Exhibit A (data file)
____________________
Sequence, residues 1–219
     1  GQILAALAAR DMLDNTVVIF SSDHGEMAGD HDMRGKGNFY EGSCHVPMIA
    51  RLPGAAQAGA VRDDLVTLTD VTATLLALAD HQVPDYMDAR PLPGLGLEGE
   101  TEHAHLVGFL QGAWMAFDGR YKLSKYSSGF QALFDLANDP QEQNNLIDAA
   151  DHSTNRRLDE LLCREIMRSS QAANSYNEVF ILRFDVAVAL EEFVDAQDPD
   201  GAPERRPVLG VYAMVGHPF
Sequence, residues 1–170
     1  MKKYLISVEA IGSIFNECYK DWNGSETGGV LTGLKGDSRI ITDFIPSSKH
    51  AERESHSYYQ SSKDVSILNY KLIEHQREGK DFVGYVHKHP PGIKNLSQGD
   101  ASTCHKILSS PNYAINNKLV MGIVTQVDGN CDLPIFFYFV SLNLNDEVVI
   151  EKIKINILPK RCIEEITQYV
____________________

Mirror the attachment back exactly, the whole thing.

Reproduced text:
Sequence, residues 1–219
     1  GQILAALAAR DMLDNTVVIF SSDHGEMAGD HDMRGKGNFY EGSCHVPMIA
    51  RLPGAAQAGA VRDDLVTLTD VTATLLALAD HQVPDYMDAR PLPGLGLEGE
   101  TEHAHLVGFL QGAWMAFDGR YKLSKYSSGF QALFDLANDP QEQNNLIDAA
   151  DHSTNRRLDE LLCREIMRSS QAANSYNEVF ILRFDVAVAL EEFVDAQDPD
   201  GAPERRPVLG VYAMVGHPF
Sequence, residues 1–170
     1  MKKYLISVEA IGSIFNECYK DWNGSETGGV LTGLKGDSRI ITDFIPSSKH
    51  AERESHSYYQ SSKDVSILNY KLIEHQREGK DFVGYVHKHP PGIKNLSQGD
   101  ASTCHKILSS PNYAINNKLV MGIVTQVDGN CDLPIFFYFV SLNLNDEVVI
   151  EKIKINILPK RCIEEITQYV